they used to be. Because people are moving all over the country, the extended family doesn’t exist like
it used to. Every time one of these institutions fall by the wayside, society looks at the schools, the only
institution still standing, and says, “Why don’t you do what they used to do?” Schools are being asked
to do things they were never asked to do before, AND make sure that the test scores are high.
I think the world of education is beginning to wake up to the fact that special education teachers have
some secrets that are applicable to all kids. Special education is a branch of psychology. It is a different
way of looking at kids and how they learn. Regular education looks at schools like an assembly line.
We, the special education teachers, look at students as individuals. You have to ask yourself, if these
techniques and strategies work with special needs kids, why wouldn’t they work even more effectively
with kids who aren’t struggling with education?
As kids go into the world with the knowledge explosion that we are seeing, the most important thing we
can do is not teach kids stuff, we need to teach kids how to research, find, and use information.
Currently, we are using a closed book format in schools to prepare kids for an open book world.
Pedro Noguera, Ph.D.
Professor, The Steinhardt School of Education, New York University
I think that Charter schools are an innovation that is worth supporting. The idea of having a school that is not
encumbered by all the district’s rules and procedures, and is designed by a group of teachers and the
community is a good one. However, we should be clear that there are a wide variety of charter schools out there.
Some are good and some are not so good.
Teach for America is a good program, but not perfect. They recruit some of the brightest college graduates in
the country to be teachers for 2 years. They take these very bright graduates, but give them very little training
and put them in the worst schools in the country which is not a recipe for success. The alternative is to hire
anyone who can meet the minimum requirements to become a teacher, a worse alternative. At least Teach For
America is getting people who are smart and who want to teach.
For public education to work, the public has to be involved. They have to go to school board meetings and make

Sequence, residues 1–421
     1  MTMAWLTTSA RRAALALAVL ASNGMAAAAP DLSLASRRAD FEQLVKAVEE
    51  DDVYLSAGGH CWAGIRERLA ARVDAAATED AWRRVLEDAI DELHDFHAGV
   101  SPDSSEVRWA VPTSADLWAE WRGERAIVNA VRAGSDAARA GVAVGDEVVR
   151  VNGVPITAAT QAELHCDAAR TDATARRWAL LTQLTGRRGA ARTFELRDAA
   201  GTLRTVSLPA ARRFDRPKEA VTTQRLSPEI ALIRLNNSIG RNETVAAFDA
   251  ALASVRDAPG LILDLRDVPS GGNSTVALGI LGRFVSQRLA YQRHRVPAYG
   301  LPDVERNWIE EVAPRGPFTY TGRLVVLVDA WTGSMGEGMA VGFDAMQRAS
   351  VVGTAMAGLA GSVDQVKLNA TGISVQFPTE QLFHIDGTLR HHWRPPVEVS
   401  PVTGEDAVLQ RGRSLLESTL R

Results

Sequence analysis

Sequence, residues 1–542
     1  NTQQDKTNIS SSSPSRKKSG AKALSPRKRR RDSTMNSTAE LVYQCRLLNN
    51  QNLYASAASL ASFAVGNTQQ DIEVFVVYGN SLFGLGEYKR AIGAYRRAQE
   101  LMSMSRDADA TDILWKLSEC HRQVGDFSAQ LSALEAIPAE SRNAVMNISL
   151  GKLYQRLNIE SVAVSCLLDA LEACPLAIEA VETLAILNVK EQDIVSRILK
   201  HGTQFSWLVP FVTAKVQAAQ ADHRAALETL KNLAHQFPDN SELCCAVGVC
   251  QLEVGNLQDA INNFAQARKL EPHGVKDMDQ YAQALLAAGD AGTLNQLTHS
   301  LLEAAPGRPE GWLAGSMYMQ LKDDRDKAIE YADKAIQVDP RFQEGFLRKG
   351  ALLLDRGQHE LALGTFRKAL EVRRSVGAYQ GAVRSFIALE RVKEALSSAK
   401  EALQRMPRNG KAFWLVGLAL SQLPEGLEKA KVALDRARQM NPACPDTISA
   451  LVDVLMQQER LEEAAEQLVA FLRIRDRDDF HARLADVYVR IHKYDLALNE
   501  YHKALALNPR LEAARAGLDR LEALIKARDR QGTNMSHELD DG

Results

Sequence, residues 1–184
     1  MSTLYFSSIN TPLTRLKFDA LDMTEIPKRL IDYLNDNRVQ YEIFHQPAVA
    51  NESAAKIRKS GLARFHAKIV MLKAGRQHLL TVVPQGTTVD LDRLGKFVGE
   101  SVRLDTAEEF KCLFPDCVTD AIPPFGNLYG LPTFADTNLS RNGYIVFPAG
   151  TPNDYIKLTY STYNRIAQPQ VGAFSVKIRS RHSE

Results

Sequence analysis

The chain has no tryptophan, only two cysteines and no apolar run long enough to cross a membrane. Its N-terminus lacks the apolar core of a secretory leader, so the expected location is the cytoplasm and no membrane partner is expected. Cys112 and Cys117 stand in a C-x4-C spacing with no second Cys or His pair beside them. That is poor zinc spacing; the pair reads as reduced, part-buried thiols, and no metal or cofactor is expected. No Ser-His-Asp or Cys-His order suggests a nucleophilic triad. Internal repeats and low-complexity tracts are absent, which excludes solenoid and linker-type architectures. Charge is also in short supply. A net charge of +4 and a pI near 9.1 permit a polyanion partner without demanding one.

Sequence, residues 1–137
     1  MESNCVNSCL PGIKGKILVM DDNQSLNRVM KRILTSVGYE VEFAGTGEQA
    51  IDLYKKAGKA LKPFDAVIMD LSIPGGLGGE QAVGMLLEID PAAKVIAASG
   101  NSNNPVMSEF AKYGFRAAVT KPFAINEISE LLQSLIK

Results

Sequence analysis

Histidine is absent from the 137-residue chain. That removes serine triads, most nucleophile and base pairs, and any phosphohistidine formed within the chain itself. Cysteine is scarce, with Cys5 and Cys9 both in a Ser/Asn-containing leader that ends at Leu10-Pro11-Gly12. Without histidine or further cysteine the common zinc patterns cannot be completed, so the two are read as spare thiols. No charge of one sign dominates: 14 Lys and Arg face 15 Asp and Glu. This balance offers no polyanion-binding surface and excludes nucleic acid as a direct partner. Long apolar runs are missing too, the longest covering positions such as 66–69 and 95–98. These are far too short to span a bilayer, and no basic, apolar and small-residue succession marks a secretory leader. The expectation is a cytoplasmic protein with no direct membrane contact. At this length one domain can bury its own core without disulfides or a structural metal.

sure that the schools receive the support they need.
Torrence H. Robinson
Texas Instruments Outreach Program
A decade ago, Texas Instruments made an investment in early childhood reading.
The shift of our corporate foundation is now more towards science, math and technology, particularly in the
middle and high school areas. We are beginning to work on student achievement in algebra because that is
one of the gatekeeper courses for students pursuing higher levels of math and science.
It makes business sense for Texas Instruments to make these types of investments because the lifeblood and
future of this company is talent. Businesses must reinvest in the community so that they can reap the benefits.
Celeste H. Pea, Ph.D.
National Science Foundation
The Presidential award for Excellence in Mathematics and Science was started in 1983 to recognize the most
talented math and science teachers in the nation. We always hear about the bad teachers, but rarely hear
about the teachers that go to work every day without the necessary supplies or administrative support but
still do a fantastic job of teaching our kids.
We participate in teacher development to encourage teachers to become more versed in the subject matter,
which is changing all of the time, and to get the kids to see math and science as something that they can
enjoy doing. We help teachers to encourage kids to inquire and explore so that math and science become
real and usable for them. This may not be the way that teachers are used to teaching and often times
teachers need to adjust their teaching belief system.
Dean of the Michael D. Eisner College of Education
California State University at Northridge
Education is a business, a very important business and a very big business. As with business practices, the
right partnerships make sense. The idea of co-teaching is to bring two fully qualified teachers together who
can complement each other’s abilities. Teaching is far more powerful as a team.
Chime school is successful because it grew out of special education. Special education teachers have
always had to fight against prejudice, they have always had to struggle for money and they have always
had to convince administration that their kids can learn. Special education teachers tend to be more
For a long time, teachers were prepared to do X, and assume that a particular result would occur. Now we
are saying that there must be results for each child but the teacher has to find the way. I think we are
finally going to link teaching to learning in a more positive way.